Bible Study, faith, Government, Joshua, prayer, Rahab, scripture
Welcome to the third installment in the scripture Study. While Joshua is not actively moving into the promised land yet, we do see some action happening in this segment which covers the well-known story of Rahab and how she hides the two men that Joshua sends to spy out the land of Jericho. If you missed the previous installments you can check out part one (Joshua 1:1-9) and part two (Joshua 1:10-18) by following those links.
The First Study | Scripture Study Home | The Previous Study
Rahab Hides the Spies
And Joshua the son of Nun sent two men secretly from Shittim as spies, saying, “Go, view the land, especially Jericho.” And they went and came into the house of a prostitute whose name was Rahab and lodged there. 2 And it was told to the king of Jericho, “Behold, men of Israel have come here tonight to search out the land.” 3 Then the king of Jericho sent to Rahab, saying, “Bring out the men who have come to you, who entered your house, for they have come to search out all the land.” 4 But the woman had taken the two men and hidden them. And she said, “True, the men came to me, but I did not know where they were from. 5 And when the gate was about to be closed at dark, the men went out. I do not know where the men went. Pursue them quickly, for you will overtake them.” 6 But she had brought them up to the roof and hid them with the stalks of flax that she had laid in order on the roof. 7 So the men pursued after them on the way to the Jordan as far as the fords. And the gate was shut as soon as the pursuers had gone out.
8 Before the men lay down, she came up to them on the roof 9 and said to the men, “I know that the Lord has given you the land, and that the fear of you has fallen upon us, and that all the inhabitants of the land melt away before you. 10 For we have heard how the Lord dried up the water of the Red Sea before you when you came out of Egypt, and what you did to the two kings of the Amorites who were beyond the Jordan, to Sihon and Og, whom you devoted to destruction. 11 And as soon as we heard it, our hearts melted, and there was no spirit left in any man because of you, for the Lord your God, he is God in the heavens above and on the earth beneath. 12 Now then, please swear to me by the Lord that, as I have dealt kindly with you, you also will deal kindly with my father’s house, and give me a sure sign 13 that you will save alive my father and mother, my brothers and sisters, and all who belong to them, and deliver our lives from death.” 14 And the men said to her, “Our life for yours even to death! If you do not tell this business of ours, then when the Lord gives us the land we will deal kindly and faithfully with you.”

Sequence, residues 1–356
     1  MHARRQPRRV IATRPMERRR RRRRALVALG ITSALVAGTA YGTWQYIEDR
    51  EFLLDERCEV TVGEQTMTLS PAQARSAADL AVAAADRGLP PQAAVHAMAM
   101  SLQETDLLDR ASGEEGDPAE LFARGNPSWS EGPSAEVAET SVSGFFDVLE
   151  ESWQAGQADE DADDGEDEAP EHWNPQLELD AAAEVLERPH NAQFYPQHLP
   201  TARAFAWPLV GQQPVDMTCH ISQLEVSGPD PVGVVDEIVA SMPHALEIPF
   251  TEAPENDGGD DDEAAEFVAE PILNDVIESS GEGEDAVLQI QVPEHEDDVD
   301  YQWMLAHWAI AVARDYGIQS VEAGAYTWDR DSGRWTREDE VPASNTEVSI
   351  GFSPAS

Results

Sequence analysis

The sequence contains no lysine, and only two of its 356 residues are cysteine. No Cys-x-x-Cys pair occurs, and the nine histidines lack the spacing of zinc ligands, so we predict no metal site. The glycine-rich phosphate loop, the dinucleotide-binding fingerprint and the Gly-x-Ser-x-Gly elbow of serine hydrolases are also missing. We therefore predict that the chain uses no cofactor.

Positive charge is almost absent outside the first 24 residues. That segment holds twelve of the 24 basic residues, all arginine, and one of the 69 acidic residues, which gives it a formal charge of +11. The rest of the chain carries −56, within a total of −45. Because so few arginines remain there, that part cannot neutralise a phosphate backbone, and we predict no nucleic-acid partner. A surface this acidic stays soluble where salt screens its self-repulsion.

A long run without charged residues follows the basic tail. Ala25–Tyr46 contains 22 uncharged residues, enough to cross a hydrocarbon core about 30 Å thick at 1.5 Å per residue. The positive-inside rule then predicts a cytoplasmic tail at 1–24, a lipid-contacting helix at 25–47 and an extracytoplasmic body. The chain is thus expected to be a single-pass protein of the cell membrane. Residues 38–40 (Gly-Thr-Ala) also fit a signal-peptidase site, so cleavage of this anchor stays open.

Verse 1: Joshua sends out two men to scout out the land that has been promised prior to moving the Israelites across the Jordan River. While Joshua was promised the land and that he would be able to conquer all who stood against him (See Joshua 1:5-9) it was still good military wisdom to not walk in blindly. Joshua took the first steps by trusting God’s command to go into the land and ordering his people to be ready to move in three days (See Joshua 1:10-11) but he also took action to prepare for success. The easy thing would have been to write off anything that he would encounter because God promised it to him. Are there promises that God makes in the Bible that we just assume will come our way if we wait passively for them to arrive? Are we praying prayers with the hope that God will move the mountains in our lives without us having to take a single step to skirt around or climb over the mountains? Many times in the Bible we see that act of faith, the men and women taking the steps toward their goal, before God steps in and rewards their obedience.